Clinical & Pharmaceutical Solutions through Analysis
Where Technology and Solutions Meet

CPSA 2013

Connecting Patients and Subject Numbers Through Analysis

October 7-10, 2013
Sheraton Bucks County Hotel
Langhorne, PA

Short Courses

Monday, October 7, 2013
8:30 am - 4:00 pm
Sheraton Bucks County Hotel
Langhorne, Pennsylvania

The CPSA Short Courses focus on specialized training. These workshop-style events provide a unique opportunity to learn about current industry practices, emerging applications, and innovative analytical technologies. CPSA Short Course Instructors create a truly dynamic learning environment as key fundamentals are reviewed and first-hand experiences and practical case studies are openly discussed.

Shane Needham
Shane Needham


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Short Course 1
Colloquium on LC-MS Method Development:
Fundamentals, New Technologies, and Advanced Methods

This practical course on HPLC method development for LC-MS is a tutorial on LC-MS/MS in the bioanalytical and clinical laboratory. As a conduit for learning, a major portion of the course will feature a step-wise method development approach and tutorial on how to develop LC-MS/MS methods based on compound structure. The course will emphasize the importance of HPLC when interfaced with mass spectrometry including the HPLC and SPE separation of undetected matrix components (a major cause for ion suppression!), isomers and labile metabolites. Much of the course is geared towards development of HPLC methods for LC-MS in a regulated quantitative bioanalysis laboratory for both pharmaceutical and clinical applications. Seven experts will present their recent experiences with fundamentals, new technologies and advanced methods. This colloquium will feature a dynamic format where the latest technology in HPLC column chemistries, tools for microsampling, MFLC, UPLC of large molecules and tools for gaining extra selectivity with HPLC-MS/MS are openly discussed. A significant time will be devoted to answering questions from the audience about their specific issues, needs and requirements.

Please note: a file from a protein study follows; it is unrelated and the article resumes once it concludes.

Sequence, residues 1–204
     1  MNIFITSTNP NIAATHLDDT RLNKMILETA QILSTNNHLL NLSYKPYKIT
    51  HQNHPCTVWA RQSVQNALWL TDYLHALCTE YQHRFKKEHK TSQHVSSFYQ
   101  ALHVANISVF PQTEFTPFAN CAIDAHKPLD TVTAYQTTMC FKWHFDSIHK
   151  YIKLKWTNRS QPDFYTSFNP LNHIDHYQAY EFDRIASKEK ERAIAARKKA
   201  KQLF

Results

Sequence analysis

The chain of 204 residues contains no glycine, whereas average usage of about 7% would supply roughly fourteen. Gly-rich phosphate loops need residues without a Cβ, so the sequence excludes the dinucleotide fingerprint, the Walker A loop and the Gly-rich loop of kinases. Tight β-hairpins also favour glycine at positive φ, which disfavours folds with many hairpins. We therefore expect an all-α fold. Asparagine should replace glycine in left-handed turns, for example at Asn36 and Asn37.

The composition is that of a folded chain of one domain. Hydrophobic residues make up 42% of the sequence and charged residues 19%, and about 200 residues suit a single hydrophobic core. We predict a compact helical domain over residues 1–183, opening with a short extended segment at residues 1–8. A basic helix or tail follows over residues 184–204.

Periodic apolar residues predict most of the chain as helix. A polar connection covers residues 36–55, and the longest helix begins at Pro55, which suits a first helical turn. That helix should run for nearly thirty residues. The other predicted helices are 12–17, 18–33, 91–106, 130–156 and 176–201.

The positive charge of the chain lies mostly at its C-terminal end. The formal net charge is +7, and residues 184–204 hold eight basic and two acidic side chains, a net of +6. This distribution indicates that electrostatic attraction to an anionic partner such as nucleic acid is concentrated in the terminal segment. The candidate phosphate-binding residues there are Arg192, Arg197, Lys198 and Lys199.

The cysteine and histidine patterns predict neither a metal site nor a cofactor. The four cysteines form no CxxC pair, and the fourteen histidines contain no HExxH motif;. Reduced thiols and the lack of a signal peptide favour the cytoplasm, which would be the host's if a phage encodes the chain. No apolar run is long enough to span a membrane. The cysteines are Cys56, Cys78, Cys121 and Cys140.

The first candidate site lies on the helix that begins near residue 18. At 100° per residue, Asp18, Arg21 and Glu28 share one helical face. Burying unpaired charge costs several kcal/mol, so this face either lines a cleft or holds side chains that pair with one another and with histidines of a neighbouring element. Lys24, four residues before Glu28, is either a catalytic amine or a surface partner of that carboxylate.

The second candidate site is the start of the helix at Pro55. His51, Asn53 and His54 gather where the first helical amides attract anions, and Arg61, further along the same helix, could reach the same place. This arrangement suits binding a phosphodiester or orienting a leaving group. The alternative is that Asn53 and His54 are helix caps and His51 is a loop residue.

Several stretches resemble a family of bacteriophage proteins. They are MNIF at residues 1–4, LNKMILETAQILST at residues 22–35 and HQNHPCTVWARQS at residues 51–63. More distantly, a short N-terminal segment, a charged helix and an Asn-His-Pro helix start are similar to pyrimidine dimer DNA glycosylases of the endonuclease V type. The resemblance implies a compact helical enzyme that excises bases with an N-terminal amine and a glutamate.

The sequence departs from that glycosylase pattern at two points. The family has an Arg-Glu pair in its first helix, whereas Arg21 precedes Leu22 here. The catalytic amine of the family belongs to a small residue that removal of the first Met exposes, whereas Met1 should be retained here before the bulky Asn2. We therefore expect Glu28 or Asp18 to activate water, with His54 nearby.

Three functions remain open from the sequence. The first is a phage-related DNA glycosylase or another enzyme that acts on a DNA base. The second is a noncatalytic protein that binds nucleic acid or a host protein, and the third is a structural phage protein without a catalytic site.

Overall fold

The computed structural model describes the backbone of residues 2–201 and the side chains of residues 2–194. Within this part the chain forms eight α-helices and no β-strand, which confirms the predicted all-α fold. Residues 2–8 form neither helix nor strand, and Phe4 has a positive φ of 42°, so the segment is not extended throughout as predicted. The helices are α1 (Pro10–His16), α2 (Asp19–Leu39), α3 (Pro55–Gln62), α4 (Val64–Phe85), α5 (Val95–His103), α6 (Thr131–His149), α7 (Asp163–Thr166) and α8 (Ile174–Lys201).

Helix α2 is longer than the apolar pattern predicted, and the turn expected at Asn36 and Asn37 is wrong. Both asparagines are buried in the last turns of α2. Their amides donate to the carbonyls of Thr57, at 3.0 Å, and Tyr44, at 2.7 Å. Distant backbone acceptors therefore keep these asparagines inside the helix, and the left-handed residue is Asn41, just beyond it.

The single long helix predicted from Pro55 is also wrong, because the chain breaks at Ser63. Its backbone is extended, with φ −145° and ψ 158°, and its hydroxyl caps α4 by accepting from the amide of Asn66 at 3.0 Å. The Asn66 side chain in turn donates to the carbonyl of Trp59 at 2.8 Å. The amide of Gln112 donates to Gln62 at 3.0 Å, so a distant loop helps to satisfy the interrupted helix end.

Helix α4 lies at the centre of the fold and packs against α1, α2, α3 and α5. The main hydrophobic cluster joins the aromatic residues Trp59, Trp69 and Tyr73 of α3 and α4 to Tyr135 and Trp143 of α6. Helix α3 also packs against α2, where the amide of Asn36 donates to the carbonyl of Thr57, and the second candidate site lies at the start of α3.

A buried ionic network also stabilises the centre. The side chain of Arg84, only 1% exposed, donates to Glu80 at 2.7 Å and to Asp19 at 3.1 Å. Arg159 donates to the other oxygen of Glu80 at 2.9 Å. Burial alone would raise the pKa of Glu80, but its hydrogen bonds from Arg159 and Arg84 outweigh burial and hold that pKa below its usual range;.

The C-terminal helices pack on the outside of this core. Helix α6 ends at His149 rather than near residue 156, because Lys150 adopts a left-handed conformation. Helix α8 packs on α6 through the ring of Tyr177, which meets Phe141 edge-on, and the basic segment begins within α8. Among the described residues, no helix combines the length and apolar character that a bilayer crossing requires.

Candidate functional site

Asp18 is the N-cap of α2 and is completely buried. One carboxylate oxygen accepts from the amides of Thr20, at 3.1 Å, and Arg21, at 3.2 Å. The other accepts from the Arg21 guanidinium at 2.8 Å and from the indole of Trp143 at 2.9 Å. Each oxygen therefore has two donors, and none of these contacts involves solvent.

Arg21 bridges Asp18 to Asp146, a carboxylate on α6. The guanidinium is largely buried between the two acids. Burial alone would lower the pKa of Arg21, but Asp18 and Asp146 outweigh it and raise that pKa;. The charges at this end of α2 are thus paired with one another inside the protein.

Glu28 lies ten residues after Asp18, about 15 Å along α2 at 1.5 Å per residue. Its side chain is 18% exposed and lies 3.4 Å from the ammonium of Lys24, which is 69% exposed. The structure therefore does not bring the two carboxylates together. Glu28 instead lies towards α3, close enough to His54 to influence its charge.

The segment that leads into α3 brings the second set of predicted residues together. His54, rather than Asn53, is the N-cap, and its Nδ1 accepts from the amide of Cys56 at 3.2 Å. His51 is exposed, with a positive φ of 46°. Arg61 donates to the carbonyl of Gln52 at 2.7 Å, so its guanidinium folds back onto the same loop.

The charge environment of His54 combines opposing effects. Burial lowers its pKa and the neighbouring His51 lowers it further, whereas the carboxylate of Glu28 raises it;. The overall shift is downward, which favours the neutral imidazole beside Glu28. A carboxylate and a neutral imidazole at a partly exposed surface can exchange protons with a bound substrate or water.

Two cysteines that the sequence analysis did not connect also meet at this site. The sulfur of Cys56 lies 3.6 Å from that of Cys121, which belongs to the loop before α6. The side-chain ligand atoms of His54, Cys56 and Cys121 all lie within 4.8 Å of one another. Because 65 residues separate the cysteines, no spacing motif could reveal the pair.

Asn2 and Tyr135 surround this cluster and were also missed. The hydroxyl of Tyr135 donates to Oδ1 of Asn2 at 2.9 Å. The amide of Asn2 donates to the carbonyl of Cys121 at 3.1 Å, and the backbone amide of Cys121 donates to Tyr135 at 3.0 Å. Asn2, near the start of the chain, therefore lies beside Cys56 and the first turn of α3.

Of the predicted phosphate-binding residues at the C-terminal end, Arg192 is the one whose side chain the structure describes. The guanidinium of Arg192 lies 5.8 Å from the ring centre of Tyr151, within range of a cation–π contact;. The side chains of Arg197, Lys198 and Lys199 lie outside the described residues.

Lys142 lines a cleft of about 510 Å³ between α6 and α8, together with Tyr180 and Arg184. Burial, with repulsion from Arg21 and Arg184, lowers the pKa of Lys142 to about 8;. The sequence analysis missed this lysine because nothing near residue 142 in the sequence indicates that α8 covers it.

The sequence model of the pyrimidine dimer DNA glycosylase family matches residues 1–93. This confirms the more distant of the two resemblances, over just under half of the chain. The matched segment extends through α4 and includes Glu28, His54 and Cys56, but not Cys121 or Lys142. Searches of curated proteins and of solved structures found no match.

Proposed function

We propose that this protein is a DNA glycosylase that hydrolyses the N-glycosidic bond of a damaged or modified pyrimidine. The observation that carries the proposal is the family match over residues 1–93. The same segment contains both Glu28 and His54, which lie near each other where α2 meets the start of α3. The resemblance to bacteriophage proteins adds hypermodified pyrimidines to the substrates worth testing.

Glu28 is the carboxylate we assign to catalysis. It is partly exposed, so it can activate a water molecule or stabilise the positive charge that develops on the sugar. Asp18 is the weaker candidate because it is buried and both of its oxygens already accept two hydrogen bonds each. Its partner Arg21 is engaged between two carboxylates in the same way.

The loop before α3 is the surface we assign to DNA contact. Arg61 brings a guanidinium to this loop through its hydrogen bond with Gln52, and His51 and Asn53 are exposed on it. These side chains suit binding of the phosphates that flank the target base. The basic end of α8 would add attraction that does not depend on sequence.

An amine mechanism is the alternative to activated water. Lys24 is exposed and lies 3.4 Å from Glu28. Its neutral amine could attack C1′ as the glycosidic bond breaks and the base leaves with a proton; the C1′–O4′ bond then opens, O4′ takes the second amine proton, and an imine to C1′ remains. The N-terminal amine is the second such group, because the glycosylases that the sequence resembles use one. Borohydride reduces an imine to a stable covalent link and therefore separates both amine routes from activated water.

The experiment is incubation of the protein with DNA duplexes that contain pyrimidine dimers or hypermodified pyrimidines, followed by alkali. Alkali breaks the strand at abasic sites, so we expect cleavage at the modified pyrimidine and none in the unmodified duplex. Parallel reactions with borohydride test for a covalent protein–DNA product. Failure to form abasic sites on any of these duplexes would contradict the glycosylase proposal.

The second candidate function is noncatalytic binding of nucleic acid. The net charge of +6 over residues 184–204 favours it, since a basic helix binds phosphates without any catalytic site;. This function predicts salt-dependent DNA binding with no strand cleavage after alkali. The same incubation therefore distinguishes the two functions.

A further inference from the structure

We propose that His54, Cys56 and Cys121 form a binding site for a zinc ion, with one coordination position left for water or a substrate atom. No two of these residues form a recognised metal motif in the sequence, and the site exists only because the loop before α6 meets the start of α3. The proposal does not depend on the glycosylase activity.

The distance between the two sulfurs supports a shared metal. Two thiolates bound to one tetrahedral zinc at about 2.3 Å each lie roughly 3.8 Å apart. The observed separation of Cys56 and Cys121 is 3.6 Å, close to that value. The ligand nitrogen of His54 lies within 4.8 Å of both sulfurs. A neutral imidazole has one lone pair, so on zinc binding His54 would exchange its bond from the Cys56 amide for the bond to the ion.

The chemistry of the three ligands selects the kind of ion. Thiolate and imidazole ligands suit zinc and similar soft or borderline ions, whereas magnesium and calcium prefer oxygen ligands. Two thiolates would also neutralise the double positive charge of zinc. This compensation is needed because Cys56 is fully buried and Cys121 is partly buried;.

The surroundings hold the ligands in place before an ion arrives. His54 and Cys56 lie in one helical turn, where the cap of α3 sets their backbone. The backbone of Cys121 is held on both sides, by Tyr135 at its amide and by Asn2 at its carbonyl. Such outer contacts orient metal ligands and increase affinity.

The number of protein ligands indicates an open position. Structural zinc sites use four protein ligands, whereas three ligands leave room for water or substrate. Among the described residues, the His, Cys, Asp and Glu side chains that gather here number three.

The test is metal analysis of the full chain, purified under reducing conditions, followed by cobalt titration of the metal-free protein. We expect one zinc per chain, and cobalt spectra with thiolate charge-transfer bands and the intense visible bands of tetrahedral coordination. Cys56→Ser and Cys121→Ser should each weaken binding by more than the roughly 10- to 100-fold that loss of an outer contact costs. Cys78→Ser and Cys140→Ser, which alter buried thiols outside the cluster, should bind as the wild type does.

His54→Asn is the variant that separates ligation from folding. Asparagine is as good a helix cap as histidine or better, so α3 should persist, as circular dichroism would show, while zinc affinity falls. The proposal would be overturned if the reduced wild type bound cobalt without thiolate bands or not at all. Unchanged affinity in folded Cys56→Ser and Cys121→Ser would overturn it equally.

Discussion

Featured Presenters:

History and Applications of LC-MS Method Development
Shane Needham, Alturas Analytics

The Latest Column Materials, Formats, and Chemistries for LC-MS Applications in Clinical and Pharmaceutical Laboratories
Matt Przybyciel, ES Industries

MLFC Applications and Advantages in Pharmaceutical and Clinical Applications
Subodh Nimkar, Eksigent

Tools for Achieving Microsampling Accuracy in DMS Applications
Joe Siple, Drummond Scientific

Adding a 4th Dimension to LC-MS/MS: Differential Mobility
Yves Leblanc, AB SCIEX

Justification and Use of LC-MS and Bioanalytical Technologies by Management
Jim Shen, Bristol-Myers Squibb

Short Course Chair:
Shane Needham, Alturas Analytics

Mark Hayward
Mark Hayward

Ken Lewis
Ken Lewis


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Short Course 2
Targeted Metabolomics: The Art & Science of Measuring Drug Efficacy

Efforts in translational and diagnostic medicine frequently require quantitative measurement of small endogenous molecules to access the need for and/or efficacy of treatment. These measurements often start to be employed in early disease biology research for proof of concept purposes and some ultimately evolve into tools to provide data for routine physician decision making. More recently, great interest has risen in the use chromatographic separations with a variety of detectors (particularly mass spectrometry) to make these measurements and expand the range of molecules that can be measured. These measurements are increasingly being employed across the need space from basic biology to patients and the business of making these measurements is rapidly growing.

In this course, chromatographic separation and measurement with most of the common detectors will be described as applied the full range of need space (research to patient). While a variety of separation and detection approaches will be discussed, there will be a particular focus on liquid chromatography and mass spectrometry (LC/MS). The emphasis will be on the lab work including achieving the needed separation and sensitivity in the measurement as well as streamlining speed and efficiency of methods and overall lab operations. An open and interactive environment will be encouraged so all participants learn more about what works well and how to be effective.